The recent rise of services like Stripe and PayPal Pro have empowered online businesses of all sizes by allowing them to accept credit card payments for a reasonable cost and without the need for a complex technical installation. Sounds great? Well only if your business is registered in the United States, the United Kingdom, Canada and a few other select countries. If it is registered elsewhere, you are pretty much out of luck. Or are you? In this post I analyse a very interesting strategy that enables those companies to signup for Stripe and PayPal Pro accounts even if they are registered in unsupported countries.

 

The problem

Accepting credit card payments can be a major headache for those who own businesses registered outside of the major English-speaking countries and the more developed EU members. The popular services, such as Stripe and PayPal Pro, are not usually an option and even the more global “regular” PayPal comes with lots of restrictions. Even if Stripe or a similar service is an option, the rates will be much higher than in the aforementioned countries (Hong Kong and Singapore being good examples). There are, of course, local alternatives but they are difficult to use and are rarely compatible with the popular services, shopping carts and WordPress plugins. Even in popular countries such as Estonia and Bulgaria, the number of options available is remarkably small.

Things get even worse when it comes to the high-risk countries and the island tax havens. For example, a Samoa company will really struggle to get a good payment processing deal. It is also likely to pay a significantly higher rate.

Another problem is that payments processed in those high risk countries or tax havens tend to be declined more often due to fraud concerns. For example, a bank in the US is more likely to decline a transaction in Cyprus than one in the UK or US. Not to mention the fact that many potential customers will be turned off at the idea of doing business with a company registered somewhere they do not know or trust.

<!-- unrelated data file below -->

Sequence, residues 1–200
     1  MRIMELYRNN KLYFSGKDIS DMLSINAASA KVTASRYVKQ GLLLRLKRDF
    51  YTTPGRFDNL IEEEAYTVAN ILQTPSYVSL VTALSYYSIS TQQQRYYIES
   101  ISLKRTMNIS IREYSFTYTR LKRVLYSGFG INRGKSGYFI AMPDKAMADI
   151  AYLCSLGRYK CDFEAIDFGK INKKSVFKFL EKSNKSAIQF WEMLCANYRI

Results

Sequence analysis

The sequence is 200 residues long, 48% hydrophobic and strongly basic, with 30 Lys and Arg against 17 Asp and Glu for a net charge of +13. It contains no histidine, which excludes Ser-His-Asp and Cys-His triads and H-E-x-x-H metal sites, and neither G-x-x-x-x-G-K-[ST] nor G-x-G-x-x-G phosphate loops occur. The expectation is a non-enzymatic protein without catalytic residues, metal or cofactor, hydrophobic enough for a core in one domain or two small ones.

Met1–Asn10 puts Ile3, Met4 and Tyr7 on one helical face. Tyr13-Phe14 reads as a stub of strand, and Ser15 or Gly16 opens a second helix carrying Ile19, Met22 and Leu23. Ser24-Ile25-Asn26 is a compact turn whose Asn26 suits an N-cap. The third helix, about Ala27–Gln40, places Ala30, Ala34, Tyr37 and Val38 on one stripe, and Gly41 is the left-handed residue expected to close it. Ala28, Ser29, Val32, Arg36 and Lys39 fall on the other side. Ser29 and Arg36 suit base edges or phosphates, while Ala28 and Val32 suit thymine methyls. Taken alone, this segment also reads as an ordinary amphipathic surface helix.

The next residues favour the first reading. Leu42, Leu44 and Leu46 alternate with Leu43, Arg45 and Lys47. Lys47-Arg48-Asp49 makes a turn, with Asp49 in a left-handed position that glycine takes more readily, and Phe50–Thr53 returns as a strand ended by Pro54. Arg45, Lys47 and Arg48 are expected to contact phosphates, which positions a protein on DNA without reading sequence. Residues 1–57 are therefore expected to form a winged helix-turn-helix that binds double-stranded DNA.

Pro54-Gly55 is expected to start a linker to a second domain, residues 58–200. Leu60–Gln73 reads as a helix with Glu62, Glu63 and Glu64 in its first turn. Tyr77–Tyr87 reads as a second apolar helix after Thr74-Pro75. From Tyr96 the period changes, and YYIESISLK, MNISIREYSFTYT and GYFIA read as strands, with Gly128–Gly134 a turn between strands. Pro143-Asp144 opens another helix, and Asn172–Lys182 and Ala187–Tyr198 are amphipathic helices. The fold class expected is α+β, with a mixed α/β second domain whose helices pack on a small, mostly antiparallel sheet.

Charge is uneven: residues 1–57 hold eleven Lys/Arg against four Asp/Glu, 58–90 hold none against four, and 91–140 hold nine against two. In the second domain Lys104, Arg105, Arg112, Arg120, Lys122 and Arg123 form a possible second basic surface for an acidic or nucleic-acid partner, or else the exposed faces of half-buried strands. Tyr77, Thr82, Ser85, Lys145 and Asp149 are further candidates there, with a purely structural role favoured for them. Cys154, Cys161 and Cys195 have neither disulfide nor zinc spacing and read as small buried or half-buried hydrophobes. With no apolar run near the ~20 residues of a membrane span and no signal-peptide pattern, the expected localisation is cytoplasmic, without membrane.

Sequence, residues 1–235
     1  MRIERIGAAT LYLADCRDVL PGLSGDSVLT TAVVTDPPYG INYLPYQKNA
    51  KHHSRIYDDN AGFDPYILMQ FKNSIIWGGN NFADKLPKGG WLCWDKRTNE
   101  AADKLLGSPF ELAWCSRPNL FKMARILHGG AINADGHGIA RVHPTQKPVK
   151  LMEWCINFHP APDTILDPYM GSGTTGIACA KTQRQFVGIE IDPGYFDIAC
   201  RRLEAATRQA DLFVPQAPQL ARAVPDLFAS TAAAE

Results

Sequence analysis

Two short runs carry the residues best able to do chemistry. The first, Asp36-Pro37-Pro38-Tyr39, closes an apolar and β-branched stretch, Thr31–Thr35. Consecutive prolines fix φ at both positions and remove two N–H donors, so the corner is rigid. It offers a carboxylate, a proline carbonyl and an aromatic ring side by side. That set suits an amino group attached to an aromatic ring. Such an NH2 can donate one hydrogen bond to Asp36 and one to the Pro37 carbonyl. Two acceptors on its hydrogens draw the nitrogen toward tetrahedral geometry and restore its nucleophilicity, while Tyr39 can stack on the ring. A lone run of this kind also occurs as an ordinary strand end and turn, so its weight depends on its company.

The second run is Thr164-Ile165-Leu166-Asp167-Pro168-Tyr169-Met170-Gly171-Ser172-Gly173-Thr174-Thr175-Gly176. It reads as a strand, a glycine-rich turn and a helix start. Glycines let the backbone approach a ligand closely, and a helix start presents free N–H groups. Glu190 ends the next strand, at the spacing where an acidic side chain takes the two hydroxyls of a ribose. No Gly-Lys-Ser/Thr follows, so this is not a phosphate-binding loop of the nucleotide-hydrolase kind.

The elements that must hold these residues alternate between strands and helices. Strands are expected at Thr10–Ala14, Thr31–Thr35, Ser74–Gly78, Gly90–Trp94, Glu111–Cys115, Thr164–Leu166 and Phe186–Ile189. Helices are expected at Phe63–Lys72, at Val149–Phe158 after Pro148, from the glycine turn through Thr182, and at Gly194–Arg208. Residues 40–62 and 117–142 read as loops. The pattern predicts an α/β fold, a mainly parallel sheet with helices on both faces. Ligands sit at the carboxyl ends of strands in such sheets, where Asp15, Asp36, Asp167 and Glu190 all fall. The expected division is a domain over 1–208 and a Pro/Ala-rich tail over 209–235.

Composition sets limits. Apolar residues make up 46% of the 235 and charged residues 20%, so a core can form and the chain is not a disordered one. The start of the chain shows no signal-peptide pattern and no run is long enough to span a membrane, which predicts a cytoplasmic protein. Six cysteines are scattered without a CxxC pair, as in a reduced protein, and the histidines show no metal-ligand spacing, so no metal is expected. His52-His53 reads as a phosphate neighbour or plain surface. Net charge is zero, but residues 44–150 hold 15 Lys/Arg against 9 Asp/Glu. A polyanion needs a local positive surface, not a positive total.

All this results in a competitive disadvantage for those companies versus their counterparts registered in countries like the US, UK and Canada.

 

The solution

In short, you register and use a payment processing subsidiary in the UK or US to process all payments instead of having your main company do it.

In practice, it works like this:
Customer -> UK or US payment processing subsidiary -> Main company

This allows you to use Stripe (and get the best rates), PayPal Pro and any other services available in those two countries. This also ensures that your decline rate stays low and that your customers have no trust issues (as far as they can tell, you are a UK or US company).

Because the payment processing subsidiary is a tax neutral entity (an LLP or LLC), using this strategy does not create an additional tax burden. Any profits generated by the payment processing subsidiary simply flows to its parent company where it is taxed as usual.

In effect, this levels the playing field and removes the competitive disadvantage that companies registered in lesser known as well as high risk countries have historically faced.

 

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